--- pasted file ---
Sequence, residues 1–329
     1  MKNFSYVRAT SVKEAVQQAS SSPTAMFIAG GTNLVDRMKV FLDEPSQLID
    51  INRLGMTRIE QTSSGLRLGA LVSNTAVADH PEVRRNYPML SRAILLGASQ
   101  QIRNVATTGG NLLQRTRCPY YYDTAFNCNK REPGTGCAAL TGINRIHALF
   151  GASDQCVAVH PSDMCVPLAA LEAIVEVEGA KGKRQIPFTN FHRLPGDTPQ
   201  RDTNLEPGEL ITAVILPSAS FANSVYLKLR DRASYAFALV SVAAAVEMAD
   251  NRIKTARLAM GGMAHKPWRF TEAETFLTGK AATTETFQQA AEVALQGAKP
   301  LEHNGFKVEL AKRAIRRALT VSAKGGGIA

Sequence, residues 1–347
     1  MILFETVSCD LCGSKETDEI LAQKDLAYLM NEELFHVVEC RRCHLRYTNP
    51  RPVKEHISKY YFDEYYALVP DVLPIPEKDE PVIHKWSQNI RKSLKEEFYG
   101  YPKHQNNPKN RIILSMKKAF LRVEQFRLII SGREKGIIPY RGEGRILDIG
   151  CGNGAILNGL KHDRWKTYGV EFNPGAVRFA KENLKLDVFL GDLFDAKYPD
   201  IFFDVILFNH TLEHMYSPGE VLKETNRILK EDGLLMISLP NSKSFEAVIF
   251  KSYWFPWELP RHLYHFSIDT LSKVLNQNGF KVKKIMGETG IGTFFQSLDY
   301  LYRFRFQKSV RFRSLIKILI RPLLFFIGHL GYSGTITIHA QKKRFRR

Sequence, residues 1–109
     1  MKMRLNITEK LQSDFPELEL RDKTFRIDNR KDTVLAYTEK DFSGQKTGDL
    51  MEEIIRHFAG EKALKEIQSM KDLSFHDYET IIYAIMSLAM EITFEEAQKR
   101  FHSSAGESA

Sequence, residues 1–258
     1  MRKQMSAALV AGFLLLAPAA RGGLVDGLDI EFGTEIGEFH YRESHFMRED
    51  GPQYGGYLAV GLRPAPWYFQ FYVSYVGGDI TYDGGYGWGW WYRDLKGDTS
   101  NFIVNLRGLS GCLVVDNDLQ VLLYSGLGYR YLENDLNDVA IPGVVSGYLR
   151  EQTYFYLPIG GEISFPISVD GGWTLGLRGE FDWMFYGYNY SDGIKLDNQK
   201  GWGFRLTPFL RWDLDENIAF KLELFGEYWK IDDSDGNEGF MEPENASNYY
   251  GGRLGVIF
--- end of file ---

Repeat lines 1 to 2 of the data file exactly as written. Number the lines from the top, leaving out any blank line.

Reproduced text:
Sequence, residues 1–329
     1  MKNFSYVRAT SVKEAVQQAS SSPTAMFIAG GTNLVDRMKV FLDEPSQLID